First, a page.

These days, it’s hard to find someone who isn’t concerned about the size and shape of his or her body. In the U.S. alone, at least one third of adults are obese. Up to 24 million Americans suffer from an eating disorder. A huge number of women are dissatisfied with their bodies, often resorting to “fat talk,” or self-deprecating comments about eating, exercise, or our bodies in general. But according to new research, dissing our bods isn’t going to win us any pals. Turns out women tend to like other women more when they have a positive relationship with their bodies.
WHAT’S THE DEAL?
The research on “fat talk” was presented last week at the Midwestern Psychological Association annual conference. In the study, college-age women looked at photos of thin and overweight women next to phrases representing either fat talk (“I can pick out something about every part of my body that I’d like to change”) or positive body talk (“I know I’m not perfect, but I love the way I look”). The participants then rated how likable they found each woman. Turns out the women pictured alongside negative comments about their bodies were rated less likeable than everyone else. Perhaps more interesting was that the people rated most likeable were overweight women pictured next to positive comments about their bodies. The researchers say the positive body statements may have been less threatening coming from overweight women than from thin women. This in turn may have encouraged the participants to start thinking positively about their own bodies, too.
Previous research has found body image issues are a big problem among college-age women, with more than 90 percent admitting to engaging in “fat talk” at some point. On some campuses, “fat talk” has become so common that people think it’s more typical for women to make negative statements about their bodies than to make positive comments  .
Studies have shown the frequency of “fat talk” isn’t directly related to BMI, with research suggesting this phenomenon is more about feeling fat than being any certain shape. Other studies have found that “fat talk” typically reflects a woman’s dissatisfaction with her body, and women who engage in this kind of vocalized body-hating are generally more likely to develop an eating disorder  .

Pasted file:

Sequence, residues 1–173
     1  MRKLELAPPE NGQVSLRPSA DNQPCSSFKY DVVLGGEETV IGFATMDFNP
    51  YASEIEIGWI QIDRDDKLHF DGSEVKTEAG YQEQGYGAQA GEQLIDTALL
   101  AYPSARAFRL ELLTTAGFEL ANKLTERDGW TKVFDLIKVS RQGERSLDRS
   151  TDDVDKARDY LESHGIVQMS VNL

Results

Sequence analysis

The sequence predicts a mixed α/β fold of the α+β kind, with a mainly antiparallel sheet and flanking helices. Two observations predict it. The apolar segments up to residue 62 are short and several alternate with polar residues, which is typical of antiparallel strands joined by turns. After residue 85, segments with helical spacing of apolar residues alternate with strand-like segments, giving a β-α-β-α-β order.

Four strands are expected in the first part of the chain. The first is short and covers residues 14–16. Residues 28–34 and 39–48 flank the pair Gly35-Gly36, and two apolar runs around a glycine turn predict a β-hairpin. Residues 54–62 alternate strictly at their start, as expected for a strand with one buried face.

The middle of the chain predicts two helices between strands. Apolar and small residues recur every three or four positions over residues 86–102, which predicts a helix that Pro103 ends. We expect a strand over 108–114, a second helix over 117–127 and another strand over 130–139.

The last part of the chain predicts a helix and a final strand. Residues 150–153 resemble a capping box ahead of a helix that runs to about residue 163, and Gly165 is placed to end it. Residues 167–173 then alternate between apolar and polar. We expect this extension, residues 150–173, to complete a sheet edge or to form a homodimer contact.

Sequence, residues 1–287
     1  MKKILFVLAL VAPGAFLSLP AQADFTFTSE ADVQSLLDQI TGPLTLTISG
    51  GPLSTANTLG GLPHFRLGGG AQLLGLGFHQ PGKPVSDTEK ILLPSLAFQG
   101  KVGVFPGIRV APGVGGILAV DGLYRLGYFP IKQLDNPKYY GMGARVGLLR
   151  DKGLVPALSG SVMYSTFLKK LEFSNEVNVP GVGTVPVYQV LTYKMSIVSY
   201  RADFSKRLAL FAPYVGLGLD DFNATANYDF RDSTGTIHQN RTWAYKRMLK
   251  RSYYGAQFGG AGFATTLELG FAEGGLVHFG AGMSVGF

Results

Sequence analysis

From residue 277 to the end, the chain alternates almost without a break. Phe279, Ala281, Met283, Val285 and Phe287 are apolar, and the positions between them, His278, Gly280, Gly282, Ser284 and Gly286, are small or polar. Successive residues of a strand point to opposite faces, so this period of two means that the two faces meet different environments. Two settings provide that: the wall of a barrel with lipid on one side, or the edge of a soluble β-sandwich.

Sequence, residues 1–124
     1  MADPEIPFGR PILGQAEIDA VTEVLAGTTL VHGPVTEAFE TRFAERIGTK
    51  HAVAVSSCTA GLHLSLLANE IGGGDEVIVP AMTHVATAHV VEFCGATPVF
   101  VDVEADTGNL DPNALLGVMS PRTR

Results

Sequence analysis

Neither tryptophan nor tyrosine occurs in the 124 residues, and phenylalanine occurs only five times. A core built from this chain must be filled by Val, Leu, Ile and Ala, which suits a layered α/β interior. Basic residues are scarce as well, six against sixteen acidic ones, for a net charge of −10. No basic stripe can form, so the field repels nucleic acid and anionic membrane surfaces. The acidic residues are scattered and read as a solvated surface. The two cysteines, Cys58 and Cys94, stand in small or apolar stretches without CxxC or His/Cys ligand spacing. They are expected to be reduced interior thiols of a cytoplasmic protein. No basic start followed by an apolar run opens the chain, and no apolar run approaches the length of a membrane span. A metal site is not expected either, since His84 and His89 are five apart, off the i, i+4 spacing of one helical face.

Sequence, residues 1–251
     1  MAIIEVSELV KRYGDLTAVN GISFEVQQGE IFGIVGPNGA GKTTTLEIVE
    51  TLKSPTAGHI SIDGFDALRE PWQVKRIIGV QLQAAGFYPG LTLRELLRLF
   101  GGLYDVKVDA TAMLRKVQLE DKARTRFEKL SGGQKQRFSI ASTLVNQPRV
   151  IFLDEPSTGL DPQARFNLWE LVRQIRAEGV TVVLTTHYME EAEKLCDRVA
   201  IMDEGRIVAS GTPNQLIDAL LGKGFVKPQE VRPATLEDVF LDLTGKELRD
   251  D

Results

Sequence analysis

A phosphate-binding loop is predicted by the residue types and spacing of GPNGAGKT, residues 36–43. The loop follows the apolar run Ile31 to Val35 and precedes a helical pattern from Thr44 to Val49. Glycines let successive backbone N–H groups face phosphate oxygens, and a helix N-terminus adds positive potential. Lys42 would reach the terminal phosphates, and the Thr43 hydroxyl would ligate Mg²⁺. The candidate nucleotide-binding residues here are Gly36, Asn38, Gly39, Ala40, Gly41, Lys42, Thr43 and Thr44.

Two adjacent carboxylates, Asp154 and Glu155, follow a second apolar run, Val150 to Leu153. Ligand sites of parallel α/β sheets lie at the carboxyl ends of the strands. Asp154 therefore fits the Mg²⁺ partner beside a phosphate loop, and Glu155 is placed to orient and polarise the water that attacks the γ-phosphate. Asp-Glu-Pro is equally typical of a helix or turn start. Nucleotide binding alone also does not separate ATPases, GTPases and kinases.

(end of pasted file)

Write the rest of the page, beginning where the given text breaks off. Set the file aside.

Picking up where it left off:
WHY IT MATTERS
In many cases, “fat talk” can be a way for women to bond, “play arguing” over whose thighs are biggest or whose jeans fit tighter (Remember that scene in Mean Girls where all the girls stand in front of Regina George’s room picking out the “ugliest” parts of their appearance?). But talking about our upper-arm flab may also be a big turn-off. This new study is hardly the first to suggest women with a positive body image are more likeable; other research has found those who engage in positive body talk are generally perceived as having more socially desirable characteristics .
But that’s no reason for women to fear discussing their body image concerns with friends and loved ones. One easy solution? Spend time around positive peeps, since there’s some evidence that ladies with a positive self-image may actually influence other people to be more accepting of their bodies . Of course, if you’re struggling with body image issues, it’s probably healthier to share these feelings than to keep them bottled up for fear of being deemed less likeable. In some cases, it may also be worth visiting a mental health professional, who can listen to body image issues without passing judgment about likeability.
Perhaps the most important takeaway is to realize that it doesn’t matter all that much if other people are looking at us and thinking about how much weight we’ve gained (or lost) since last year. It seems like people are more interested in our sense of self-esteem and how comfortable we are with our bodies, rather than what our bodies actually look like. In an ideal world, we’d be as satisfied with and confident in our own bodies as other people are.
Posted by Shana Lebowitz on May 14, 2013. Special thanks to Drs. Alexandra Corning, Michaela Bucchianeri, and Rachel Crews for their contributions to this article.